TSU allowing students to go home and finish semester online as a precaution to COVID-19

NASHVILLE, Tenn. (TSU News Service) – Tennessee State University is allowing students to return home and finish the semester online as a precaution to the spreading coronavirus (COVID-19). Online classes started Monday.

University officials announced last Thursday that TSU was transitioning to online learning. In a correspondence to students, TSU President Glenda Glover stated the decision was in the best interest of the university, as both the federal government and State of Tennessee have declared a state of emergency.

“Concerns pertaining to the coronavirus COVID-19 are affecting all of us and continues to worsen,” said Dr. Glover. “Within the last 48-hours, the country has changed drastically, as the number of U.S cases continue to be confirmed.”   

TSU will close all residence halls and apartments on Saturday, March 21. The university will evaluate requests from students with extenuating circumstances that need more time to make arrangements. Housing officials said those requests will be evaluated on a case-by-case basis.

Students will continue their classes in an online format and there is no requirement to live on campus.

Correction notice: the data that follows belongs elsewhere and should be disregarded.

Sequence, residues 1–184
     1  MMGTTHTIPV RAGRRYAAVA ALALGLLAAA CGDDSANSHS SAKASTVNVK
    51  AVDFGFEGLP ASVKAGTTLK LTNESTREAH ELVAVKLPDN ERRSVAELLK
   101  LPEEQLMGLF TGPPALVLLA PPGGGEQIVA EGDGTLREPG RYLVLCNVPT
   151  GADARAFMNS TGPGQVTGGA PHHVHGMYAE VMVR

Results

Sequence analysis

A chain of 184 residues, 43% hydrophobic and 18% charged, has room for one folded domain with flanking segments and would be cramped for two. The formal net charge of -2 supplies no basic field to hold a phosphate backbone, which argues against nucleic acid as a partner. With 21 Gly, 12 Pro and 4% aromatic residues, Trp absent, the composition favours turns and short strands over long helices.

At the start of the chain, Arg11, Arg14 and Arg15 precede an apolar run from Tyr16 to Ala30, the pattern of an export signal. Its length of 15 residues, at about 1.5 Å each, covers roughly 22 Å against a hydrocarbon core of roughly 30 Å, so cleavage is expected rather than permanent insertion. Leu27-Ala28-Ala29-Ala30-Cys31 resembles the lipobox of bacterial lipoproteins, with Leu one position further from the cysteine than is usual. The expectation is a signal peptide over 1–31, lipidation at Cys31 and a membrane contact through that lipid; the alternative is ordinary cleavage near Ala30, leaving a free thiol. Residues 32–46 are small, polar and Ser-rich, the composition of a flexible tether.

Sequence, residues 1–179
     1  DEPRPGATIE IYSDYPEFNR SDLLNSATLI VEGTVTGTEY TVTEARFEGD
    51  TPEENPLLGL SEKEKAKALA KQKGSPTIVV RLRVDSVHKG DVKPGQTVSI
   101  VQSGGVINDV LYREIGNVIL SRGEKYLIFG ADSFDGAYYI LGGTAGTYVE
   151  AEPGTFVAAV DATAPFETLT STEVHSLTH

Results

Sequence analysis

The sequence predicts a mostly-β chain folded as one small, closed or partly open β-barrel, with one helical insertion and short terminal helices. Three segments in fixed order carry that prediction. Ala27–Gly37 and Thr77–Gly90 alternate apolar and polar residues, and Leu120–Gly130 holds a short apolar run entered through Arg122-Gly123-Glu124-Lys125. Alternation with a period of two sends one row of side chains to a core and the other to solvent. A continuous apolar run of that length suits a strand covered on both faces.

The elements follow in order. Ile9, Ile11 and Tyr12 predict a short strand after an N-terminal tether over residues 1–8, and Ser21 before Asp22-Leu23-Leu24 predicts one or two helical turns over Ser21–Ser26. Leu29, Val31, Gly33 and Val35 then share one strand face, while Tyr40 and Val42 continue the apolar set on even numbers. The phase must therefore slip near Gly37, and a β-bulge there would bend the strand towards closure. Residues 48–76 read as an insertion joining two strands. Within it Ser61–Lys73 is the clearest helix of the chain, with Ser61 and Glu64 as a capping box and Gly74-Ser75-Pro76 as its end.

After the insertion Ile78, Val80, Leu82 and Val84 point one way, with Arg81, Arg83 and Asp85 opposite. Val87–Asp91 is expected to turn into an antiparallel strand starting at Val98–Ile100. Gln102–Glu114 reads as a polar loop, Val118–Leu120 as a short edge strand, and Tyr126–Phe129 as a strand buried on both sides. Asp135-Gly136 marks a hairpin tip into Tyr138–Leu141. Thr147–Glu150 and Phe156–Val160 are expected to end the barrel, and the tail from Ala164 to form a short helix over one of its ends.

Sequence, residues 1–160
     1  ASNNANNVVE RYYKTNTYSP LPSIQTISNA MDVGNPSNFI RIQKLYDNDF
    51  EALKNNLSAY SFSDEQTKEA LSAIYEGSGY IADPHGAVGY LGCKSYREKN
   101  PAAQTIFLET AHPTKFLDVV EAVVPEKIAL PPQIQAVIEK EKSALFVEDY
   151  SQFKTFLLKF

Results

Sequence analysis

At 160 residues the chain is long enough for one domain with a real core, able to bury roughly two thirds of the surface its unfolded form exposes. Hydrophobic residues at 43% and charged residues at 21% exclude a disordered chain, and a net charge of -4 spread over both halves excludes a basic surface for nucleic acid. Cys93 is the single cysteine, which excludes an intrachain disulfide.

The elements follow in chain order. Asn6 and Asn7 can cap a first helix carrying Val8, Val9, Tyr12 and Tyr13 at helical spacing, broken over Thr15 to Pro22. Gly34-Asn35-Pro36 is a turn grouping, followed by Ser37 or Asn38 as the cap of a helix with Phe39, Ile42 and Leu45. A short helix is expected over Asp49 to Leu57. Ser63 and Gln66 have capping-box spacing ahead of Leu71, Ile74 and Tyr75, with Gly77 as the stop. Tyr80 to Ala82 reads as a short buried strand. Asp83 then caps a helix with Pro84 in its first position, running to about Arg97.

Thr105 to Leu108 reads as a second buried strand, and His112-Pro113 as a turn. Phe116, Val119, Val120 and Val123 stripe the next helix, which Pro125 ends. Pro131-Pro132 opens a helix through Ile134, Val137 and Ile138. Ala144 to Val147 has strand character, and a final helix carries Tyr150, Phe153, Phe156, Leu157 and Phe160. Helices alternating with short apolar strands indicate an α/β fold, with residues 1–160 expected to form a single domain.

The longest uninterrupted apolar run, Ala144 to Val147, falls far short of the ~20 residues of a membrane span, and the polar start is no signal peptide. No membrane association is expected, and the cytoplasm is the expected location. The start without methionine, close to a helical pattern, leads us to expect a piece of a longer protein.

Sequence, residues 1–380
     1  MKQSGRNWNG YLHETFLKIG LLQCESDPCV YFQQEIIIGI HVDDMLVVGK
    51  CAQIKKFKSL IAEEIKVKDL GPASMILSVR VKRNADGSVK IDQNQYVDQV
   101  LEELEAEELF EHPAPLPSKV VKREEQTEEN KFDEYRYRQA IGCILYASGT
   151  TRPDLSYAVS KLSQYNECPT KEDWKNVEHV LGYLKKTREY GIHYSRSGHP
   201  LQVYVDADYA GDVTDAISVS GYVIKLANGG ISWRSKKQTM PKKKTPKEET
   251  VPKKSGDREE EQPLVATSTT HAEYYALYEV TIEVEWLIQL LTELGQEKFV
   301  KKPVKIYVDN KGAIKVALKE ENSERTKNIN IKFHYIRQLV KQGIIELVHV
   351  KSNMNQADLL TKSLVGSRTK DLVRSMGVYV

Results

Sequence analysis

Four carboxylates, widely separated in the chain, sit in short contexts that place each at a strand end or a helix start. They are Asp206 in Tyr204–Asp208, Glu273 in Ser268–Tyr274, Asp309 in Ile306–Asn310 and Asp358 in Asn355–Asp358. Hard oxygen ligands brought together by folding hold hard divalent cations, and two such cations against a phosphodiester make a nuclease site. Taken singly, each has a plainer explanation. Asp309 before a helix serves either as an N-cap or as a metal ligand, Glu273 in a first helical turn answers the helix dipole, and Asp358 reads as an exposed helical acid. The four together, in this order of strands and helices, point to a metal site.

As further precaution, the University has canceled all campus events where large crowds are expected, as well as suspended all international travel through the end of April to minimize exposure to the disease. TSU has made these decisions to ensure the safety and health of the campus family. 

The university will provide more information on campus operations as decisions are made.     

Department of Media Relations

Tennessee State University
3500 John Merritt Boulevard
Nashville, Tennessee 37209
615.963.5331

Founded in 1912, Tennessee State University is Nashville’s only public university, and is a  premier, historically black university and land-grant institution offering 39 bachelor’s degree programs, 24 master’s degree programs, and seven doctoral degrees.  TSU is a comprehensive research intensive institution with a R-2 Carnegie designation, and has a graduate school on its downtown Avon Williams Campus, along with the Otis Floyd Nursery Research Center in McMinnville, Tennessee.  With a commitment to excellence, Tennessee State University provides students  with a quality education in a nurturing and innovative environment that prepares them as alumni to be global leaders in every facet of society. Visit the University online at tnstate.edu.